Giordano appeared in 58 games for the Flames, scoring 19 points before a shoulder injury ended his season.[4] He required surgery to repair the damage suffered in a game against the Minnesota Wild.[11] He recovered in time to begin the 2009–10 season, but several new additions to Calgary's blue line left him concerned about his position with the team.[12] Instead, he solidified his place on the roster with a career year; he set personal highs in goals (11), points (30) and was +17 for the Flames.[6] The Hockey News named him one of the most underrated players in the league,[13] and was invited to join Team Canada at the 2010 IIHF World Championship.[14] He appeared in seven games in the tournament, scoring three goals and an assist.[6]

Though he had the option to become an unrestricted free agent following the 2010–11 season, Giordano opted to remain in Calgary, signing a five-year, $20 million contract extension with the Flames on October 29, 2010.[15]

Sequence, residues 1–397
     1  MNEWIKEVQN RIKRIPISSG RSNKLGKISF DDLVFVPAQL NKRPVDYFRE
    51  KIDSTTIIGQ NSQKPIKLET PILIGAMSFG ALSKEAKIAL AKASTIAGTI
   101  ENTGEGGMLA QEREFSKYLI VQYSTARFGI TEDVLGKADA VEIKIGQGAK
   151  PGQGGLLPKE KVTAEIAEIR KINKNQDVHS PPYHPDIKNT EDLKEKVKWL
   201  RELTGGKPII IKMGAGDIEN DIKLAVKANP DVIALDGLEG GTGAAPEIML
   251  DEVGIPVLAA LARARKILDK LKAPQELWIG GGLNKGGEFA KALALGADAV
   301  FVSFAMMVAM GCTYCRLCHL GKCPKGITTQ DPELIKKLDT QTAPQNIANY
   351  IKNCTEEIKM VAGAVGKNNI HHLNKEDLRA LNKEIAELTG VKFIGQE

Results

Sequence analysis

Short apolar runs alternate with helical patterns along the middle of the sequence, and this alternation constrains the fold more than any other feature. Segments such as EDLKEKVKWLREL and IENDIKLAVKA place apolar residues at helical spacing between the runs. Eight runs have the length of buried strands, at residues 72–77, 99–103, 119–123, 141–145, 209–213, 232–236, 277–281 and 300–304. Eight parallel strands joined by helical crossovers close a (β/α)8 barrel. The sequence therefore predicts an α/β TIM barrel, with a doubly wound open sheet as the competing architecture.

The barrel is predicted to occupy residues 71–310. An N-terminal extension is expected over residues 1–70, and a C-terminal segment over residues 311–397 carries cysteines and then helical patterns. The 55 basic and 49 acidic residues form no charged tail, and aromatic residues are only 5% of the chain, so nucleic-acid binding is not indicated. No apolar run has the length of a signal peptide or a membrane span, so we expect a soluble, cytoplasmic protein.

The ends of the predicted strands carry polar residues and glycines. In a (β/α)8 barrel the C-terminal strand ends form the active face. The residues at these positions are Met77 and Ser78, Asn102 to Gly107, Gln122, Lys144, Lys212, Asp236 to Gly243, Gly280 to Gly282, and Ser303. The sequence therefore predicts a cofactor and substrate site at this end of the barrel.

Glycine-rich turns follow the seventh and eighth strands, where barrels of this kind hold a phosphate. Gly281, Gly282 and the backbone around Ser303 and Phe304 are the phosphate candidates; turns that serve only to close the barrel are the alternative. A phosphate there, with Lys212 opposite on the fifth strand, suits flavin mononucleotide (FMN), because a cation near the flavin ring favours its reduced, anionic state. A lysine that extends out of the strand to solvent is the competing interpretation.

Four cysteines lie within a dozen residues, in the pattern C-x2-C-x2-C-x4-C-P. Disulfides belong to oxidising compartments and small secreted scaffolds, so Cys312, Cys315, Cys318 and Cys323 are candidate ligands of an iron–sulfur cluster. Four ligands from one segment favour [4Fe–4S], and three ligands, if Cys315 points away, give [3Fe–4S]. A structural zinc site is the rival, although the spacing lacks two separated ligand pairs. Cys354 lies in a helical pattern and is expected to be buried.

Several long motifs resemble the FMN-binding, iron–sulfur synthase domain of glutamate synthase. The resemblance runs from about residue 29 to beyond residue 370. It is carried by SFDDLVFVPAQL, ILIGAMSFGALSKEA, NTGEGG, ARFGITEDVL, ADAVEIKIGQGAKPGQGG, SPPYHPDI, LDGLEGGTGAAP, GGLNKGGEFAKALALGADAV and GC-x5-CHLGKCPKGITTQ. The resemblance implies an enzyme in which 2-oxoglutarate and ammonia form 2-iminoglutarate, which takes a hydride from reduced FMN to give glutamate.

Off the ice[]

Giordano and his wife Lauren are spokespeople for Habitat for Humanity. They launched a program called "5-for-5" in January 2011 that aims to build five homes for the organization, one in the Calgary area and four in Africa and Asia. Giordano donated $25,000 of the $130,000 cost himself, and his contribution was matched by the Flames charitable foundation.[16]

Career statistics[]

Regular season and playoffs[]

    Regular season   Playoffs
Season Team League GP G A Pts PIM GP G A Pts PIM
2000–01 North York Rangers Midget GTHL 41 7 18 25 78 - - - - -
2001-02 Brampton Capitals Jr.A. OHA 48 11 26 37 59 - - - - -
2002–03 Owen Sound Attack OHL 68 18 30 48 109 4 1 3 4 2
2003–04 Owen Sound Attack OHL 65 14 35 49 72 7 1 3 4 5
2004–05 Lowell Lock Monsters AHL 66 6 10 16 85 11 0 1 1 41
2005–06 Omaha Ak-Sar-Ben Knights AHL 73 16 42 58 141
2005–06 Calgary Flames NHL 7 0 1 1 8
2006–07 Calgary Flames NHL 48 7 8 15 36 4 1 0 1 0
2006–07 Omaha Ak-Sar-Ben Knights AHL 5 0 2 2 8 3 0 1 1 2
2007–08 Dynamo Moscow RSL 50 4 9 13 89
2008–09 Calgary Flames NHL 58 2 17 19 59
2009–10 Calgary Flames NHL 81 11 19 30 81